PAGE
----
Masala Tres Leches Cake

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This is a take on the traditional tres leches (translated: three milk) cake, adding a bit of spice and warmth with the masala chai brew

One of my favourite things about travelling is all the different culinary experiences which you get to enjoy. Whilst there have been too many to count on my recent trip to India, a recurrent favourite for me is masala chai. We found an amazing tea shop in Ooty, and brought some home. I wanted to draw out the flavours a bit, so decided to enhance the brew with a few additional spices. 

But I did not want to just drink the chai, that would be far too boring! Whilst doing some research for another holiday, Mexico (this was obviously before we were all locked down 🙁 ) I came across a recipe for a tres leches cake. I did not even know this was a thing before then!

Reading through the recipe, I thought it was going to be a soggy mess, but decided to try it anyway, and was glad that I did! It reminds me a bit of a malva pudding, but not quite as sweet. The cake does benefit from a bit of time, so you can make it a day ahead and keep it in the fridge.

I was very doubtful when trying out this tres leches cake as it has no butter or oil in it. It’s a sponge cake in the true sense, relying on the air in the whipped eggs to create a spongy texture. It may not seem like it, but the chai brew which gets poured over is absorbed into this cake to make it super moist. It is a bit of effort to make, but I think it’s worth it. I hope you enjoy 🙂

Note: I updated this recipe on 24 June 2020 after further testing to ensure the cake was better soaked through and remained super moist. Also, I initially flipped my cake out of the dish as it was not completely submerged in the syrup. I recommend keeping it in the dish so it continues to soak.


  • 210ml full cream milk
  • 2 Ceylon teabags
  • 10 green cardamom pods
  • 2 cinnamon quills
  • 2 star anise
  • 1/8 tsp black peppercorns
  • ¼ tsp cloves
  • 1/4 nutmeg, freshly grated
  • 210g evaporated milk
  • 210g condensed milk


1. The milk is best infused a day before and left to steep for a better flavour.
2. Crush the green cardamom pod and the nutmeg.
3. Put all the ingredients into a pot, except for the evaporated and condensed milk.
4. Let it simmer on low-medium heat until the milk begins to bubble, you do not want it to boil.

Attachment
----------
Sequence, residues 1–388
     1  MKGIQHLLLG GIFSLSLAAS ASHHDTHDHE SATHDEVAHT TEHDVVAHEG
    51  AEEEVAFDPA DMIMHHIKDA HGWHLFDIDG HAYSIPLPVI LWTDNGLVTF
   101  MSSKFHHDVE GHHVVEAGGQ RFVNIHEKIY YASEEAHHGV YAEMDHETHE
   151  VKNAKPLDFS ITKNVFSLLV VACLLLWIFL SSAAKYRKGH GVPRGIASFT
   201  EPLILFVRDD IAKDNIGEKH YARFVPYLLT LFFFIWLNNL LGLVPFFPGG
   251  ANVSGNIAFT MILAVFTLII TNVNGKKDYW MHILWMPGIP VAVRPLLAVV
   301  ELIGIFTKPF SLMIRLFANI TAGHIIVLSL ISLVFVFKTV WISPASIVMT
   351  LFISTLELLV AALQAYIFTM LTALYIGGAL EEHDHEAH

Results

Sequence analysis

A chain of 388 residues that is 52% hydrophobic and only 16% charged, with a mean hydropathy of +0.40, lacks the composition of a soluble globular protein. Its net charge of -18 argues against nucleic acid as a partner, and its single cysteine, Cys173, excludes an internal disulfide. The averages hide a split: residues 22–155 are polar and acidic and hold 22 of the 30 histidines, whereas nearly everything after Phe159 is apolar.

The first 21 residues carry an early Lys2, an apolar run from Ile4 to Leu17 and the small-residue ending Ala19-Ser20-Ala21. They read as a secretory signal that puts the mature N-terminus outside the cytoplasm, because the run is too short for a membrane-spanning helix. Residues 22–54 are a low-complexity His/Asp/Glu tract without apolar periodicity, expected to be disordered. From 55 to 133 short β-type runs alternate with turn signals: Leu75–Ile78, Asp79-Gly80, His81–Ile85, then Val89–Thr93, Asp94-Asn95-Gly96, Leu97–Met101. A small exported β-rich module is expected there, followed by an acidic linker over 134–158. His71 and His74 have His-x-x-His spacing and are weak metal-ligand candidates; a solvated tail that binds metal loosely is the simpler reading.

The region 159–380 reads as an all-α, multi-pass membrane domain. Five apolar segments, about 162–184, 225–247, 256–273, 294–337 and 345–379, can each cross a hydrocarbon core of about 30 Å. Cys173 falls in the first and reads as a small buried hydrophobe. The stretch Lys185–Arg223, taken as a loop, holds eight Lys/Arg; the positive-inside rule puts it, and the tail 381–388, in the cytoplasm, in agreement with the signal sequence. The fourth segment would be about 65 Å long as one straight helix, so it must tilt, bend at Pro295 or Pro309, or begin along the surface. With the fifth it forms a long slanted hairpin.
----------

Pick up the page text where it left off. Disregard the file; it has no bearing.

5. Set aside and let it come to room temperature, then refrigerate with spices, overnight.
6. The next day strain the milk, discard spices and teabags.
7. Stir in the evaporated milk and condensed milk and set aside.


  • 120g plain flour
  • 1 tsp baking powder
  • 1 tsp cinnamon powder
  • ¼ tsp ground cloves
  • ½ tsp nutmeg
  • 1 ½ tsp cardamom powder
  • ¼ tsp salt
  • 5 large eggs at room temperature, yolks and whites separated
  • 200g castor sugar
  • 100ml milk
  • 40g butter, melted

*tip: freshly ground spices product a much stronger flavour profile than store bought


  1. Preheat the oven to 180 degrees Celsius. Grease and line, with baking paper, a 30cm * 20cm * 5cm dish.
  2. Sift the flour, baking powder, cinnamon, cloves, nutmeg, cardamom and salt in a bowl and set aside.
  3. Add the vanilla, three quarters of the sugar ( 165g ) and egg yolks to a bowl and whip until the mixture is pale, thickened and doubled in volume.
  4. Combine the melted butter and the milk.
  5. Then alternating, add the milk/butter and the sifted dry ingredients to the egg mixture and gently fold in.
  6. In another bowl, with clean beater attachments, beat the egg whites until soft peaks form, then add in the remaining sugar ( 55g ) and continue to beat until you have a stiff glossy meringue.
  7. A third at a time, fold this meringue into the batter. Be gentle as you do not want to knock out the air in the whipped egg whites.
    7. Spoon this batter into the prepared dish and bake for 35 min, or until a skewer inserted into the cake comes out clean.
    8. Allow the cake to cool for 30 min, then with the back of a skewer, poke many holes in the cake. You want to use the back so that the holes are big enough for the mixture to seep in.
    9. Pour the chai brew (which has now been mixed with the evaporated milk and condensed milk) over the entire cake so that it is easily absorbed.
    10. This step is important! Don’t be impatient like me and cut into the cake too soon. You want the cake to sit in the fridge, cling-wrapped, for at least 4 hours to allow the chai mixture to really soak through.

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  • Reply
    14 July, 2020 at 8:50 am

    This looks amazing! I absolutely love proper chai.
    Just want to double check – you say 100 milk – do you mean 100ml of milk?

    • Reply
      14 July, 2020 at 11:58 pm

      Hi Emma 🙂 Thank you it is incredible. Apologies for the typo, it is indeed 100ml milk 🙂 I also read through the recipe again and noticed that I forgot the word “separated” for the eggs, in the list of ingredients. Hopefully it is easier to follow now. Let me know how it turns out!

  • Reply
    Saffron Milk Cake – Adventures with Sugar
    27 February, 2021 at 9:29 am

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